United States District Court, S.D. Ohio, Eastern Division
OPINION AND ORDER
C. SMITH, JUDGE UNITED STATES DISTRICT COURT
matter is before the Court on Defendant Kimberley Jacobs'
Motion for Judgment on the Pleadings (Doc. 17). Plaintiff
Marcus Croft has not filed a response, despite the Magistrate
Judge allowing for extra time to do so. (See Doc.
18). Plaintiff was cautioned that the failure to respond may
result in the granting of Defendant Jacobs' Motion. For
the reasons that follow, Defendant Jacobs' Motion for
Judgment on the Pleadings is GRANTED.
Marcus Croft initiated this case against Defendants the City
of Columbus, Derek Blaine, Shawn Gruber, and Kimberley
Jacobs, individually and in their official capacity as
employees of the City of Columbus. (Doc. 1). Plaintiff's
allegations referencing Chief Jacobs are contained in
paragraphs 5, 40, and 91 of Plaintiff's Complaint (Doc.
1). Those allegations state as follows:
information and belief, Defendant City of Columbus, Ohio
Division of Police Chief Kimberley Jacobs is being sued in
her individual capacity; to wit, Chief Jacobs was a resident
of Franklin County at the time of the incident. Chief Jacobs
is the current holder of the office of Chief of the Columbus
Division of Police, and the Chief Law Enforcement Officer for
Columbus, Ohio. Chief Jacobs is the final policymaker with
respect to the policies of the Columbus Division of Police.
Chief Jacobs is a “person” under 42 U.S.C. §
1983 and at all times relevant to this case acted under color
of law. She is sued individually and in her official capacity
as an employee of the City of Columbus.
Chief Kimberly Jacobs, as chief law enforcement officer for
the City of Columbus, Ohio, serves as the ultimate
policymaker for the Columbus Division of Police, and had both
actual and constructive knowledge of the actions of both
Officers Blaine and Gruber, as well as actual and
constructive knowledge of the actions of the chain of command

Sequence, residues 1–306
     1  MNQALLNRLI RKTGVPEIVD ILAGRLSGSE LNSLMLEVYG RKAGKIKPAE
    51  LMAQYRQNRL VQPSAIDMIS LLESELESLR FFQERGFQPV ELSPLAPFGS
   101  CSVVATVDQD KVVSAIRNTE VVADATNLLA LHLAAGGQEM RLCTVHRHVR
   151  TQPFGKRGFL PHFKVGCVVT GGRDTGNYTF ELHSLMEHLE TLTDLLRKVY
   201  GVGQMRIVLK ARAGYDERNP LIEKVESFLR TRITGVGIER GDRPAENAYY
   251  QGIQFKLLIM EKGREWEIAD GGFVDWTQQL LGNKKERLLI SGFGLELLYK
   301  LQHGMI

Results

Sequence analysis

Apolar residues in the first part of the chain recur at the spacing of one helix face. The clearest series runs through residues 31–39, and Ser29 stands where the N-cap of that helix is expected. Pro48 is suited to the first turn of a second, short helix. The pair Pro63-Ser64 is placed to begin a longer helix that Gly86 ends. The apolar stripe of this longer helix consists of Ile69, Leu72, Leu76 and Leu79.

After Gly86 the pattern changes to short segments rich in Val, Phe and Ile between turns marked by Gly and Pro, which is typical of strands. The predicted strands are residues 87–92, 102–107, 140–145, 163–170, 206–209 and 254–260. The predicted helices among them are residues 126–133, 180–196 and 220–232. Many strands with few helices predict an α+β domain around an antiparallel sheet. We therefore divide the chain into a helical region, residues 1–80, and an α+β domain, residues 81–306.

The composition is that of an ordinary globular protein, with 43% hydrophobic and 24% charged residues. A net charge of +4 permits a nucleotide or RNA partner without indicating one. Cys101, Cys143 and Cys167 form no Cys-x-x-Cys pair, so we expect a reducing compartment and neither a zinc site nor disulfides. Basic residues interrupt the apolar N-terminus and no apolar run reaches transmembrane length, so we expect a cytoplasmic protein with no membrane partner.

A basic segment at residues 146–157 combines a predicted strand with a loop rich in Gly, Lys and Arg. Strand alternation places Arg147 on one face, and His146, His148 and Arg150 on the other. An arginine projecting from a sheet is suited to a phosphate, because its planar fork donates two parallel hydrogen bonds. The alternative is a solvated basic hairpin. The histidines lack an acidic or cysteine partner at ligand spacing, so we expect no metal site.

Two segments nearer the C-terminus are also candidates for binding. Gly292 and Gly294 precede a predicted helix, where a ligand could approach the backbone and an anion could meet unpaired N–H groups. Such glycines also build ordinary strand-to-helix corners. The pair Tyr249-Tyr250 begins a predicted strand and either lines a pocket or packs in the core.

in failing to train, supervise and discipline Officers Blaine
Defendant Columbus Division of Police Chief Kimberly Jacobs
had actual knowledge and/or had constructive knowledge and/or
failed to conduct a proper investigation into the actions of
Defendants Blaine and Gruber. A proper investigation would
have included that Defendants Blaine and Gruber participated
in a pattern of conduct that was racially discriminatory
1, Compl. ¶¶ 5, 40, and 91). Plaintiff does not
specifically bring any of his claims against Defendant
STANDARD OF REVIEW
brings this motion pursuant to Rule 12(c) of the Federal
Rules of Civil Procedure. Rule 12(c) provides that
“[a]fter the pleadings are closed-but early enough not
to delay trial-a party may move for judgment on the
pleadings.” The standard of review for a motion for
judgment on the pleadings under Rule 12(c) is the same as
that used to address a motion to dismiss under Rule 12(b)(6).
Id.; Lindsay v. Yates, 498 F.3d 434, 438
(6th Cir. 2007).
12(b)(6) permits dismissal of a lawsuit for “failure to
state a claim upon which relief can be granted.” To
meet this standard, a party must allege sufficient facts to
state a claim that is “plausible on its face.”
Bell Atl. Corp. v. Twombly, 550 U.S. 544, 555
(2007). A pleading will satisfy this plausibility standard if
it contains “factual content that allows the court to
draw the reasonable inference that the defendant is liable
for the misconduct alleged.” Ashcroft v.
Iqbal, 556 U.S. 662, 678 (2009). In considering whether
a complaint fails to state a claim upon which relief can be
granted, the Court must “construe the complaint in the
light most favorable to the plaintiff, accept its allegations
as true, and draw all reasonable inferences in favor of the
plaintiff.” Ohio Police & Fire Pension Fund v.
Standard & Poor's Fin. Servs. LLC, 700 F.3d 829,
835 (6th Cir. 2012) (quoting Directv, Inc. v.
Treesh, 487 F.3d 471, 476 (6th Cir. 2007)). However,
“the tenet that a court must accept a complaint's
allegations as true is inapplicable to threadbare recitals of
a cause of action's elements, supported by mere
conclusory statements.” Iqbal, 556 U.S. at
663. Thus, while a court is to afford plaintiff every
inference, the pleading must still contain facts sufficient
to “provide a plausible basis for the claims in the
complaint;” a recitation of facts intimating the
“mere possibility of misconduct” will not
suffice. Flex Homes, Inc. v. Ritz-Craft Corp of Mich.,
Inc., 491 F. App'x 628, 632 (6th Cir. 2012);
Iqbal, 556 U.S. at 679.
“[f]or purposes of a motion for judgment on the
pleadings, all well-pleaded material allegations of the
pleadings of the opposing party must be taken as true, and
the motion may be granted only if the moving party is
nevertheless clearly entitled to judgment.”
JPMorgan Chase Bank, N.A. v. Winget, 510 F.3d 577,
581 (6th Cir. 2007) (quoting S. Ohio Bank v. Merrill
Lynch, Pierce, Fenner & Smith, Inc., 479 F.2d 478,
480 (6th Cir. 1973)).
Jacobs moves for judgment on the pleadings as to
Plaintiff's official capcity claims against her as they
would be duplicative of the claims Plaintiff has asserted
against the City of Columbus. An “official-capacity
suit is, in all respects other than name, to be treated as a
suit against the entity.” Kentucky v. Graham,
473 U.S. 159, 166 (1985). “Courts regularly dismiss as
redundant claims against agents in their official capacities
when the principal entity is also named as a defendant in ...